Installation Archive: A Capsule Aesthetic
Kate Mondloch’s new book, A Capsule Aesthetic: Feminist Materialisms in New Media Art (University of Minnesota Press, 2018) explores, in Mondloch’s own words, “how selected new media installations offer novel experiential environments for exploring, inhabiting, and even critiquing our entanglements with science and technology in the 21st century.”
Installation Archive: A Capsule Aesthetic, an online companion to her print work, built in Scalar, offers a collection of user-generated social media videos documenting viewers’ experiences with the installations discussed in A Capsule Aesthetic: Feminist Materialisms in New Media Art. As a collection of videos, Installation Archive offers a novel form of “crowd-sourced art historical documentation by bringing attention to the user-generated moving image uploads associated with these evocative works of art.” The videos included in this collection, depict installations from “idiosyncratic and subjective” points of view, according to Mondloch, “for example, user-added personal commentary or supplemental text, abnormal audio or ambient noises, multiple and sometimes unrelated works documented in a single video, and so on.” Yet, however subjective or idiosyncratic, these documented experiences prove to be incredibly valuable, underscoring, as Mondloch puts it, that “art spectatorship is inherently multiple because artistic experience itself is multiple.”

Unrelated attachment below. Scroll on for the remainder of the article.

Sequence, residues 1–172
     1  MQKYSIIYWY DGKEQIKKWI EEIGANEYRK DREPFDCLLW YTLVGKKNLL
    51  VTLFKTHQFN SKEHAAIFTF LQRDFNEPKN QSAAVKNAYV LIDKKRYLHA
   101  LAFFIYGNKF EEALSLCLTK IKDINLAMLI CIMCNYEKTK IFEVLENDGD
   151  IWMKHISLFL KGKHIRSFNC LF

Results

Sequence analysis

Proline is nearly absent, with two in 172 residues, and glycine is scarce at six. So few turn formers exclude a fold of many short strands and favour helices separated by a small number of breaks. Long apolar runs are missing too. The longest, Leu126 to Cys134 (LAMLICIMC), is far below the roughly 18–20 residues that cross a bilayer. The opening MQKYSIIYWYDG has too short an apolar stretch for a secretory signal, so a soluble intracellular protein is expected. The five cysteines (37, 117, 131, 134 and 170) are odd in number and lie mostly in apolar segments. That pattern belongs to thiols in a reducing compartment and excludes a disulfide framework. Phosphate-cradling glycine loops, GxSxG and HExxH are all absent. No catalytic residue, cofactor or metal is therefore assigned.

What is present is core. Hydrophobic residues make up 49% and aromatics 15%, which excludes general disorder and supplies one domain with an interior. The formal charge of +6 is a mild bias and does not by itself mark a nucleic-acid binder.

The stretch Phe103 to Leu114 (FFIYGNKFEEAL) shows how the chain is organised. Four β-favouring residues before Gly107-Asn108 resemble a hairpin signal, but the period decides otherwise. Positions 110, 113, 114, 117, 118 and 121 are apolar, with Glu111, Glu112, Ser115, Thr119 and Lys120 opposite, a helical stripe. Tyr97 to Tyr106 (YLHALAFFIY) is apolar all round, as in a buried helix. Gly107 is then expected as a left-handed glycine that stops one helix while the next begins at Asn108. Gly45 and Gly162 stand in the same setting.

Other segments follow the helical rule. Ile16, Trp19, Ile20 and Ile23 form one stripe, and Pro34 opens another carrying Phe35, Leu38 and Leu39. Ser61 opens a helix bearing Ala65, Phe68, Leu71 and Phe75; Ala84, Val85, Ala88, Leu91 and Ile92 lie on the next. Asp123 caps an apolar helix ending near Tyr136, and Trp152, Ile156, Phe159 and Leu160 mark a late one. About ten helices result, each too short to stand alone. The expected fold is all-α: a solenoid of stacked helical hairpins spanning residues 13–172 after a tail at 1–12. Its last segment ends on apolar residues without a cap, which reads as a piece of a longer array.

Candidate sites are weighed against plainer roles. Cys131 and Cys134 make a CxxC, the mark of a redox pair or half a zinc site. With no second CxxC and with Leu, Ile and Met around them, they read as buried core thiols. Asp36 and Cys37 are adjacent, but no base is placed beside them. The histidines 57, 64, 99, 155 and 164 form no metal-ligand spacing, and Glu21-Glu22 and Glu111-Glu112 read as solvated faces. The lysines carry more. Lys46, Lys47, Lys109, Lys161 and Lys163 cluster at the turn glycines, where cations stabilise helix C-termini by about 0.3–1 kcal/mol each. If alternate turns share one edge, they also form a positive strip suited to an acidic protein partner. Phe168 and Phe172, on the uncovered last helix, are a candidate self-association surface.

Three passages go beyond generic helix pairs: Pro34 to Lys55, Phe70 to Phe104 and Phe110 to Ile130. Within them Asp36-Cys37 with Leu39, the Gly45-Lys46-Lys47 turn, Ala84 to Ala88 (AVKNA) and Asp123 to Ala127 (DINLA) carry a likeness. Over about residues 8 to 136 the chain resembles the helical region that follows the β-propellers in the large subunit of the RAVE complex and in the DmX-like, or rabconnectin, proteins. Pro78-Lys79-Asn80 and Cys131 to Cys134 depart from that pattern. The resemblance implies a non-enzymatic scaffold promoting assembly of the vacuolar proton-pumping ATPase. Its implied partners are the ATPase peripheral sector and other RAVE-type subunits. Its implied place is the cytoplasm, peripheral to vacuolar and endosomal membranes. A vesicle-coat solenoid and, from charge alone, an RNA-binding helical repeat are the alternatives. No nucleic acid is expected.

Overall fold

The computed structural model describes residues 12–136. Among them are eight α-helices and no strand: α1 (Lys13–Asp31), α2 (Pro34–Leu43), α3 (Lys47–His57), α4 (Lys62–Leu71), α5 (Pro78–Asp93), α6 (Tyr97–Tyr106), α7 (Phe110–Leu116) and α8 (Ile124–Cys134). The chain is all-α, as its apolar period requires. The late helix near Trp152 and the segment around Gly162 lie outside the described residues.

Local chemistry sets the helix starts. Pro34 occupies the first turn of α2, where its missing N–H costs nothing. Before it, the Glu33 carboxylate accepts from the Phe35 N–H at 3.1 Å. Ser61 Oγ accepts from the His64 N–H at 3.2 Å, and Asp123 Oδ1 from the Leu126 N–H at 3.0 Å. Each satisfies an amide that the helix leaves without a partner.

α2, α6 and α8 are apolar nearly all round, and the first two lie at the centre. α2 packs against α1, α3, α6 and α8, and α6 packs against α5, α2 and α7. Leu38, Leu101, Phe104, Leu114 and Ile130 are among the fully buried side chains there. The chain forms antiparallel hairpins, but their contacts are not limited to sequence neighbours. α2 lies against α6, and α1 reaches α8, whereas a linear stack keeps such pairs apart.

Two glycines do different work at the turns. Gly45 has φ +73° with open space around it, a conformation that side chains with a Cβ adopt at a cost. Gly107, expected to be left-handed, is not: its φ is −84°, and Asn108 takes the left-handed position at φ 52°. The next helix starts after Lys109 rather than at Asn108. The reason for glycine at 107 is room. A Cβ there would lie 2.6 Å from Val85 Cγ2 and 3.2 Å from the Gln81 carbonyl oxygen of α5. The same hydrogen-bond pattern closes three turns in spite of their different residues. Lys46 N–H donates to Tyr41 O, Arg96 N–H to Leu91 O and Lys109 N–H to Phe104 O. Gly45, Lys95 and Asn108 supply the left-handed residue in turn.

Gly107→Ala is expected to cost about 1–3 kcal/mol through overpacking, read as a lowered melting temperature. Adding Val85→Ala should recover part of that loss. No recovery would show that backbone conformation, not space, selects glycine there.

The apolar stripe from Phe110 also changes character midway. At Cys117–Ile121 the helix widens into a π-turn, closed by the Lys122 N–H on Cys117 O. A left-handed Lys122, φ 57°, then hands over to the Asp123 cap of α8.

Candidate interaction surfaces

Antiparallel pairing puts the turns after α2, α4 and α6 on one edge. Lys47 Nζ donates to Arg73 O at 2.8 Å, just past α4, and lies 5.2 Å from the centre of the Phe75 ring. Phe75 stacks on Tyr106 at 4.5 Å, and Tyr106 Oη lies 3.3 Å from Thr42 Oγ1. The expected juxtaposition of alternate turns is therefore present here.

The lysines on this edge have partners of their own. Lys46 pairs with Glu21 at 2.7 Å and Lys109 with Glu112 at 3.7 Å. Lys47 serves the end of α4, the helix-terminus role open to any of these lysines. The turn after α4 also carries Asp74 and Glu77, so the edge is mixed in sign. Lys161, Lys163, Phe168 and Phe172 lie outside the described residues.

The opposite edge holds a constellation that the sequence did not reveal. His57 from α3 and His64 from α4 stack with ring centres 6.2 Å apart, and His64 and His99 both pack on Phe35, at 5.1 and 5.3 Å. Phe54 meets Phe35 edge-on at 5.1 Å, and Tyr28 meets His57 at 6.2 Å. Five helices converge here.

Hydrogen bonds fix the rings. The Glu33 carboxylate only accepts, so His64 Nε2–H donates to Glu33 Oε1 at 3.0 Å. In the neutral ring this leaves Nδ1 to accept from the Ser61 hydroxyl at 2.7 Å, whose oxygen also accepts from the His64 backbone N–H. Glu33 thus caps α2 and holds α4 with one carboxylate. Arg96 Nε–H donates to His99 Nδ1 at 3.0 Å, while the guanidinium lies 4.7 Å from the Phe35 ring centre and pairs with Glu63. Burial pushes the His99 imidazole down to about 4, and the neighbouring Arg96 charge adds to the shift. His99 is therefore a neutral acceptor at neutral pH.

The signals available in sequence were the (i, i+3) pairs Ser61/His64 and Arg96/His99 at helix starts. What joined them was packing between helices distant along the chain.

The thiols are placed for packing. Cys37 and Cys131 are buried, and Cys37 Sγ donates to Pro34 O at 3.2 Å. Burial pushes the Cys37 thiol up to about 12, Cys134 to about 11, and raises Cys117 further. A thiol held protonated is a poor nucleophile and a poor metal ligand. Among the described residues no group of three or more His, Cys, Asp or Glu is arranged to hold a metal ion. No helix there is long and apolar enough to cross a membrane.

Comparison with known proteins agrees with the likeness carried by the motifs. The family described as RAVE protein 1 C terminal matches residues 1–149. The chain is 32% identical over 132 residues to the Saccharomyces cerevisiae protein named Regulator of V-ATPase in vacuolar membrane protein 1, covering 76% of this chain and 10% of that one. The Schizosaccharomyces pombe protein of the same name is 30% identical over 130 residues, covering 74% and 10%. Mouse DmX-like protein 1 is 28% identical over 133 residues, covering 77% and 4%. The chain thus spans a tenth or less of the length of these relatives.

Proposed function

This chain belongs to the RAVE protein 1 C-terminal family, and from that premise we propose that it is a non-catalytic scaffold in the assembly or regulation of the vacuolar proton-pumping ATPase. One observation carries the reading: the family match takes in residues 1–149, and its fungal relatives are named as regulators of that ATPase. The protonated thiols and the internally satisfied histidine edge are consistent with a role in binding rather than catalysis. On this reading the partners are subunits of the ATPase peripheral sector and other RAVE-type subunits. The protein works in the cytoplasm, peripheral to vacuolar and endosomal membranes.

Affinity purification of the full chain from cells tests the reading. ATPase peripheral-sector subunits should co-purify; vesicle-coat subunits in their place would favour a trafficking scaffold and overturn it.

See A Capsule Aesthetic: Feminist Materialisms in New Media Art at the the University of Minnesota Press.
Check out Installation Archive: A Capsule Aesthetic.